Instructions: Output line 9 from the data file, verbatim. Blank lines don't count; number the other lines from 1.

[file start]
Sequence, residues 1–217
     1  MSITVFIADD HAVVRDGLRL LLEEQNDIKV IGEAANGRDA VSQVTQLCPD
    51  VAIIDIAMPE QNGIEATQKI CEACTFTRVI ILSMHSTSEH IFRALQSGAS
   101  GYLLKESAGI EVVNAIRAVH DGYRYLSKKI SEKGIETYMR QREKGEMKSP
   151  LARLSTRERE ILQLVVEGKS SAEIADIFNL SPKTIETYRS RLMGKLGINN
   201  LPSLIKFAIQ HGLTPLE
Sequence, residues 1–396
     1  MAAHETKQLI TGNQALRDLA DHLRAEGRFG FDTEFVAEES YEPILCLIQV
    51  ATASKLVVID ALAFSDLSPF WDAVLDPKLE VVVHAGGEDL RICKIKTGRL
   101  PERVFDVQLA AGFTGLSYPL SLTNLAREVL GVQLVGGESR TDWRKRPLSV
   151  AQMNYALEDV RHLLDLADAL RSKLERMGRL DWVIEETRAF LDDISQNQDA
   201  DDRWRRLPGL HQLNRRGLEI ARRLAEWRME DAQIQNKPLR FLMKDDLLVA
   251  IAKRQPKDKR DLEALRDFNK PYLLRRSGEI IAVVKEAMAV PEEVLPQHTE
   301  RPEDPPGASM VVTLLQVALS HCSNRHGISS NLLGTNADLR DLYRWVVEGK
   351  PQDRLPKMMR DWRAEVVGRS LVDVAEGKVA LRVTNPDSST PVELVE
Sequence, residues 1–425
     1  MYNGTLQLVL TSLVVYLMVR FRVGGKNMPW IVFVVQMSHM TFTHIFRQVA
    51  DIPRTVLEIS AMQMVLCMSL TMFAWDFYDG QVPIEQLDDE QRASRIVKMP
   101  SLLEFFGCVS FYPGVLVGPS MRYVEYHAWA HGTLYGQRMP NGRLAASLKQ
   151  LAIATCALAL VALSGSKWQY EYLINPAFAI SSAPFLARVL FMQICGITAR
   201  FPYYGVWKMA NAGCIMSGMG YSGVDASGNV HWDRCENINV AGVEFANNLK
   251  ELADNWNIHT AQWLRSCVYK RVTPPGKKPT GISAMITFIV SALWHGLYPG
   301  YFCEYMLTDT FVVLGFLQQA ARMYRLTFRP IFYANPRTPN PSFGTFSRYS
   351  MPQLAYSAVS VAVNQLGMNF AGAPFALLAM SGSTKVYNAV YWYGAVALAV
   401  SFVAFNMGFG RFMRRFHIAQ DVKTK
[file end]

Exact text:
    51  ATASKLVVID ALAFSDLSPF WDAVLDPKLE VVVHAGGEDL RICKIKTGRL